Biological sex is increasingly cited as a basis for making policy. This policy is used to define sex and gender, differentiate men and women from each other, and clarify who is allowed to access single-sex spaces, services, or benefits. As policy makers define what they mean by sex or gender, and who counts as a woman or a man (or boy or girl), it is increasingly clear that these categories are not as obvious as often perceived. But, what is the biological science that these policies have, or might have, as a basis? This review describes how science of the biology of sex is relevant to three major policy areas: parenting (including leaves), sports, and public spaces.
Policy uses a variety of definitions of gender and sex, and there is no one scientific way to define sex, which means that there is no “getting sex right” for defining women and men. Indeed, scientists and legal scholars recognize that gender identity and legal recognition are more relevant than sex for policy is most cases. Many arenas once segregated by gender/sex are no longer so, including schools, workplaces, gyms, clubs, bars, and (some) religious institutions. One may therefore question the use of biology to justify ongoing segregation by gender/sex, because biology does not support a gender binary and, instead, highlights that sex is multifaceted. Policy based on bioscience should reflect science that is accurate, up-to-date, and reflective of biology’s role relative to other social factors. Read more…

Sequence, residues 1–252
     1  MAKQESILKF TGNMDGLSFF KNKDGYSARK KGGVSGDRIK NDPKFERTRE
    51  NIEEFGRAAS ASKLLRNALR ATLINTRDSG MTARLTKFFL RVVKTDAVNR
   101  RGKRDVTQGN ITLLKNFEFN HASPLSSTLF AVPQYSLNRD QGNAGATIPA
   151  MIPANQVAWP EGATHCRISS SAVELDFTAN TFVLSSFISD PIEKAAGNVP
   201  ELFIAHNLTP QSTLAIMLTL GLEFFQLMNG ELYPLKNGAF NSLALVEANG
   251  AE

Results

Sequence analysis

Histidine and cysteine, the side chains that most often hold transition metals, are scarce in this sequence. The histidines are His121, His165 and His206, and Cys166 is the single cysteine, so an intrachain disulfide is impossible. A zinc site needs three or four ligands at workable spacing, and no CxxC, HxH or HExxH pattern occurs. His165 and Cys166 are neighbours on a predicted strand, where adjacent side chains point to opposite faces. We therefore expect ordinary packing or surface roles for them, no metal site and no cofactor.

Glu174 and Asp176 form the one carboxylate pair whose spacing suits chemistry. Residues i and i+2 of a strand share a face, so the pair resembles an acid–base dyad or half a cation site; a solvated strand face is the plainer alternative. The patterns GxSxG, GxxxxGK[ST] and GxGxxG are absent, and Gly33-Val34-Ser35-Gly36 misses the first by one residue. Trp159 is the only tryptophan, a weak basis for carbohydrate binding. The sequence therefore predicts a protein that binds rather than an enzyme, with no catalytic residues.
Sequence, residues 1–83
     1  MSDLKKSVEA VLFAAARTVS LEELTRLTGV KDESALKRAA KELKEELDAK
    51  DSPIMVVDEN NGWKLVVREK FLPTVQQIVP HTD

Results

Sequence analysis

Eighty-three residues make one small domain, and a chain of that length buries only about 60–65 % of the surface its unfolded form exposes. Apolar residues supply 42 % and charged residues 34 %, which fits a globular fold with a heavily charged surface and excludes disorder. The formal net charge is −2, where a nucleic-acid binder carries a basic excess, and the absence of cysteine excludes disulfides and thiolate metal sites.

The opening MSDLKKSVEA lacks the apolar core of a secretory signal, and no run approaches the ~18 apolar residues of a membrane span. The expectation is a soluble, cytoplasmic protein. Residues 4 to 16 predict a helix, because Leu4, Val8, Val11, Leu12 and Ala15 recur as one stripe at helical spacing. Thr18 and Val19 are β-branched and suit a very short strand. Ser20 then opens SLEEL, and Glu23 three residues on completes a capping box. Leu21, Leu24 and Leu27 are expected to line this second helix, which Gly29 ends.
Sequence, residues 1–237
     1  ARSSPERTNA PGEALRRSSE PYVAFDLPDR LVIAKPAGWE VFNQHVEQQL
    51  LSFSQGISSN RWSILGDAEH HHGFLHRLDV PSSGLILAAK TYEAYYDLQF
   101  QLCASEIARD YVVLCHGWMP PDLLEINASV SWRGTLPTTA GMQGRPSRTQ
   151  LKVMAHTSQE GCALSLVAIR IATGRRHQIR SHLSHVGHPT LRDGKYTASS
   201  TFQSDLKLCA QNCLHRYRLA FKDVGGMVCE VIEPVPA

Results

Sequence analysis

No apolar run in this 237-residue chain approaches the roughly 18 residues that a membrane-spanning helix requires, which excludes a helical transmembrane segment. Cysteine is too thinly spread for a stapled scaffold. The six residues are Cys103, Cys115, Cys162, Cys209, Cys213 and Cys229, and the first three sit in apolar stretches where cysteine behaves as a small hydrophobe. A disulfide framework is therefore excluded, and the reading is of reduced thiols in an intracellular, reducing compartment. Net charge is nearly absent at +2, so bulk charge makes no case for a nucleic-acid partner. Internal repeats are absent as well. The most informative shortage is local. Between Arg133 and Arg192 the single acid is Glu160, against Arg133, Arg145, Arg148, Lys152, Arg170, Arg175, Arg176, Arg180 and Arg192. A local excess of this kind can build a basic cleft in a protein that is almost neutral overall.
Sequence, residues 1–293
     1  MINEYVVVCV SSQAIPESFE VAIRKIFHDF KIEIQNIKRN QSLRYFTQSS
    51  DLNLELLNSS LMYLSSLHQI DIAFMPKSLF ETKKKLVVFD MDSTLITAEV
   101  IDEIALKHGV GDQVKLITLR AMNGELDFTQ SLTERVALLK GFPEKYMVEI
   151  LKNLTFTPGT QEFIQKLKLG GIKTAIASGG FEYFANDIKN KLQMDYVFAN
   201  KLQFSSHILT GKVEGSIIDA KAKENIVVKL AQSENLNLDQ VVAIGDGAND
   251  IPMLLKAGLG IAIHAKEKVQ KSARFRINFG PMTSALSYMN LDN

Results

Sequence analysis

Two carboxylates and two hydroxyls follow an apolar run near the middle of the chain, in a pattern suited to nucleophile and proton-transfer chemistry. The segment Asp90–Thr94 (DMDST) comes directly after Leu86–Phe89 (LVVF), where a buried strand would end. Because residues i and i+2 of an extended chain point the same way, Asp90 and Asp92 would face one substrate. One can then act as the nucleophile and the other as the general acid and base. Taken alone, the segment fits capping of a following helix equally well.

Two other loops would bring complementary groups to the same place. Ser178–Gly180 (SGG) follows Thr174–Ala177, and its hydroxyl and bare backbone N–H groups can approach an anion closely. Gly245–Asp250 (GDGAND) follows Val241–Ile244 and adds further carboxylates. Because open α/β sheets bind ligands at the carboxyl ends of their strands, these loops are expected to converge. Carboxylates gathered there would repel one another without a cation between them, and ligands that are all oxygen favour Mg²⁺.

Policy debates have focused on who can participate in or access single-sex activities or services. This article describes how science of the biology of sex is relevant to three major policy areas: parenting (including leaves), sports, and public spaces. We focus on what scientists know about sex and gender (and gender/sex, where gender and sex are intertwined), and the role of various biological factors, including hormones such as testosterone and estradiol as well as genetics, gonads, genitals, and more. The policies under debate often use “biological sex,” but this fails to account for scientific understandings of sex and gender, misrepresents sex as single-faceted and binary, and overlooks scientific consensus about the importance of gender and identity.
Biological Sex, Gender, and Public Policy,
Sari M. van Anders, Zach C. Schudson, Emma C. Abed, William J. Beischel, Emily R. Dibble, Olivia D. Gunther, Val J. Kutchko, and Elisabeth R. Silver
First Published September 14, 2017
From Policy Insights from the Behavioral and Brain Sciences